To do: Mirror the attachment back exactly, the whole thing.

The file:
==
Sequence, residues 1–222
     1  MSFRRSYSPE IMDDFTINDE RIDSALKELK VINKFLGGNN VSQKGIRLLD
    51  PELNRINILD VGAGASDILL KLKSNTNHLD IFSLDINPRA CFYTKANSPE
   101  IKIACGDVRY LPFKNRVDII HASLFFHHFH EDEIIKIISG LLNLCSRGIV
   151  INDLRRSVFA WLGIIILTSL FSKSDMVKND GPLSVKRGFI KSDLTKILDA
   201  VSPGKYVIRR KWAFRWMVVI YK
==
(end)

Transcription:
Sequence, residues 1–222
     1  MSFRRSYSPE IMDDFTINDE RIDSALKELK VINKFLGGNN VSQKGIRLLD
    51  PELNRINILD VGAGASDILL KLKSNTNHLD IFSLDINPRA CFYTKANSPE
   101  IKIACGDVRY LPFKNRVDII HASLFFHHFH EDEIIKIISG LLNLCSRGIV
   151  INDLRRSVFA WLGIIILTSL FSKSDMVKND GPLSVKRGFI KSDLTKILDA
   201  VSPGKYVIRR KWAFRWMVVI YK